Monday, June 10, 2013

4 Gifts that ALL Kids Deserve from their Dad

It's Father's Day Weekend, and I want to take this opportunity to remind you and me what Father's Day is all about. We often get so covered up trying to provide for the family that we often forget what our kids need from us the most. They won't remember how high we climbed on the career ladder. They won't value our accolades and accomplishments like we do. In fact they really don't care that we work, but there are 4 gifts that every child deserves to receive from their dad.


This is the number one thing all kids need from dad. Kids value quality time spent with their dad. No matter what happens, kids want to spend as much time as possible with their dad. The way we spend our time builds or tears down their self confidence and ultimately tells them just how important they are. 

Spend lots of time with your kids!

Dads play a huge role in education. We place the value on education. If kids see that their dad is involved in their education, they will place a high priority on it as well.   The key word is involved, not aware. Dads need to be actively involved (doing something) in order for their kids to see its benefit. If dads aren't involved in helping their kids learn, the kids won't be involved in learning or see its value either. 

Teach your kids to love learning.

All children are born into this world with an innocent spirit. It is the dad's job to protect and nurture their children's spirits. That means dads must develop their own spirit first and then show their children how to discover and build their faith.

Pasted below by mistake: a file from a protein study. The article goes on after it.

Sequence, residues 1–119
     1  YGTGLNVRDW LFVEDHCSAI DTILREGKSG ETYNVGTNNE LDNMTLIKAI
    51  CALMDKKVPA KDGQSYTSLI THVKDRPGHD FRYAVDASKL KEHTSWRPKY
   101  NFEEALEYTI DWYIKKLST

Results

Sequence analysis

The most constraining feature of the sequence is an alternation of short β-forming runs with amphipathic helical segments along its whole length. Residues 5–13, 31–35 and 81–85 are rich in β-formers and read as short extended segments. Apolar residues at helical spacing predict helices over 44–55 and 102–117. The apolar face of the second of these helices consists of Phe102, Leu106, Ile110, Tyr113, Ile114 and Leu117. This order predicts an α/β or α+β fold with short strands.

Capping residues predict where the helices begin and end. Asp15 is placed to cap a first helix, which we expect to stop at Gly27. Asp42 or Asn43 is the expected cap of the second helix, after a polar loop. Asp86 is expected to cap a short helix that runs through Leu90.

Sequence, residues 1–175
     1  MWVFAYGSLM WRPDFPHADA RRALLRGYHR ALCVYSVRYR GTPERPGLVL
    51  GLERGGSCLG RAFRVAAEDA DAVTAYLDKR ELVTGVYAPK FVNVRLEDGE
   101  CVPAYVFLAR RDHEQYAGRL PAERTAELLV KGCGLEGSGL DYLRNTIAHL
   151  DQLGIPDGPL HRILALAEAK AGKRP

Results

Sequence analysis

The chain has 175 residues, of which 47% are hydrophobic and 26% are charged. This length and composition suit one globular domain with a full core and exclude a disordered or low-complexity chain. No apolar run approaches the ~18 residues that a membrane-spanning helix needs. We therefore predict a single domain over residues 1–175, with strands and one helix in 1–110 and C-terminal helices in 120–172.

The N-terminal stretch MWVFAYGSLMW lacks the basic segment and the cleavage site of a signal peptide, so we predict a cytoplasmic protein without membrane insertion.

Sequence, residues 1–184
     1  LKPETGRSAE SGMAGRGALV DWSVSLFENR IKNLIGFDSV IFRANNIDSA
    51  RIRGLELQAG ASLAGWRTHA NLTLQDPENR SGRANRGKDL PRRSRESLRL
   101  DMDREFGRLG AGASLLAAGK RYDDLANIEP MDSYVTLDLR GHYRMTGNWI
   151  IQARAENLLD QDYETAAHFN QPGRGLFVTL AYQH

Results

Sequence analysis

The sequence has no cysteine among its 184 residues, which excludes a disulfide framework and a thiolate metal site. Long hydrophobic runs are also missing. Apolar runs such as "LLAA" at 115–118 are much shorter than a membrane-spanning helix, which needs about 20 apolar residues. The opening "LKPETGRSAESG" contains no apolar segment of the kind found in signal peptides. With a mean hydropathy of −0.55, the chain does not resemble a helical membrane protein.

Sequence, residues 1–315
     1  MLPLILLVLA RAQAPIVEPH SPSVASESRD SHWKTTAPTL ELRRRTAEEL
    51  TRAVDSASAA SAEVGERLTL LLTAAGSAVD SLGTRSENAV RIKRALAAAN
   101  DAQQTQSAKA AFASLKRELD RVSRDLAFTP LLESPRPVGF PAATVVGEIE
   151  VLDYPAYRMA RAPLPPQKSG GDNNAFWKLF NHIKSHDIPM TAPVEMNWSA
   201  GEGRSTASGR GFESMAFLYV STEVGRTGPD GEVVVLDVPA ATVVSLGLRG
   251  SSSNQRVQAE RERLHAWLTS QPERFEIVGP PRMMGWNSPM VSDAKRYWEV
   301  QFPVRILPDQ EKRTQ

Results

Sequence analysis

Pray for and with your kids.

Faith, hope and love are the greatest gifts, but the greatest of all is love. Real dads drop the bravado and show their children love through both word and action. Children who hear and see their daddy's love will have the greatest gift that no tangible item could ever replace.

Hug your kids, and tell them you love them. 

The older I get, 
The more I reflect on whether or not my kids are getting enough of their real needs met by me. One day they will be on their own, and they will not need their dad.  I hope I will have done the best I could to teach them the value of time well spent, the importance of a great education, the positive impact of spirituality, and what love truly is.  If I did my job, there's a strong chance that I will have succeeded as a dad in preparing them for the crazy world that awaits them. And if I'm really lucky, they won't need their dad. They'll want him. 

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